House Speaker John Boehner and Senate Majority Leader Mitch McConnell sat down for their first joint interview since the new Republican majority Congress convened earlier this month.
As with other Republicans before him, John Boehner managed to destroy his own minimum wage argument last weekend during that interview with 60-Minutes.
As MSNBC reports, “When policymakers debate increasing the minimum wage, there’s nothing wrong with them drawing on their personal experiences when making a decision. Some members of Congress, however, really aren’t good at it.”
The following exchange between CBS’s Scott Pelly and Speaker Boehner about the odds of Congress increasing the federal minimum wage is a perfect example of a Congressman fumbling the facts.
Scott Pelley: Increasing the federal minimum wage?
John Boehner: Bad idea.
Scott Pelley: Dead?
John Boehner: It’s a bad idea. I’ve had every kinda rotten job you can imagine growin’ up and gettin’ myself through school. And– and I wouldn’t have had a chance at half those jobs if the federal government had kept imposing higher minimum wage. You take the bottom rungs off the economic ladder.
However, as it turns out Speaker Boehner didn’t exactly tell the truth, as Huffington Post reported.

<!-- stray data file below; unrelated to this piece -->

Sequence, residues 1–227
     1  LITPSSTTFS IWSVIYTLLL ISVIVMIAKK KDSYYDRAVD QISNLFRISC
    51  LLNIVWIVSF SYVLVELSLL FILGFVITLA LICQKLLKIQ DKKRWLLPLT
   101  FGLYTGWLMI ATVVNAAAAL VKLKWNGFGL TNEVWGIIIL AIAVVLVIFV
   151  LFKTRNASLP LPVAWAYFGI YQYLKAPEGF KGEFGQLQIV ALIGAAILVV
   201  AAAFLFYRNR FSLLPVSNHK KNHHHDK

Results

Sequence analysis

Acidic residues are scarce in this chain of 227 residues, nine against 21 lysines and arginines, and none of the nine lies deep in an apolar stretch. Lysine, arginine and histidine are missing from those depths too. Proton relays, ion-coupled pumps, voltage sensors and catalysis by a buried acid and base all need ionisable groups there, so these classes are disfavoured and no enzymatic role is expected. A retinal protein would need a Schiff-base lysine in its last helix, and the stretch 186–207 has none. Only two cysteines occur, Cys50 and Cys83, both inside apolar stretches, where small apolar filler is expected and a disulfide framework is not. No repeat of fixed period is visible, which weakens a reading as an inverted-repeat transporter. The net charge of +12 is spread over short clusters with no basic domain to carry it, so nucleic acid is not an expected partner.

When Boehner was first taking on those “rotten jobs,” the minimum wage was actually at its historic high. And when the wage later dipped relative to inflation, Congress passed a series of hikes that raised it some more.
According to Department of Labor statistics, the minimum wage stood at $1.60 an hour in 1968 – the highest it has ever been when adjusted for inflation…. At first, Boehner went into sales – selling plastics, specifically – after his brief stint with the Navy ended. In 1971, he enrolled in Xavier University. According to a recent Politico profile, Boehner took a number of odd jobs while attending school there, among them “a series of humbling janitorial and construction jobs.” He would graduate in 1977.
MSNBC puts the final nail in Boehner’s coffin reporting that although Boehner “expressed relief that the government didn’t keep ‘imposing’ a higher minimum wage at the time,” that in reality, “the government actually did keep ‘imposing’ a higher minimum wage, raising in 1974, 1975, and again in 1976 – just as Boehner was working through college.”
And adjusted for inflation, those minimum wages had greater purchasing power than the minimum wage now. If Boehner looks back at that era fondly, he has no reason to create tougher conditions for low-wage workers now.
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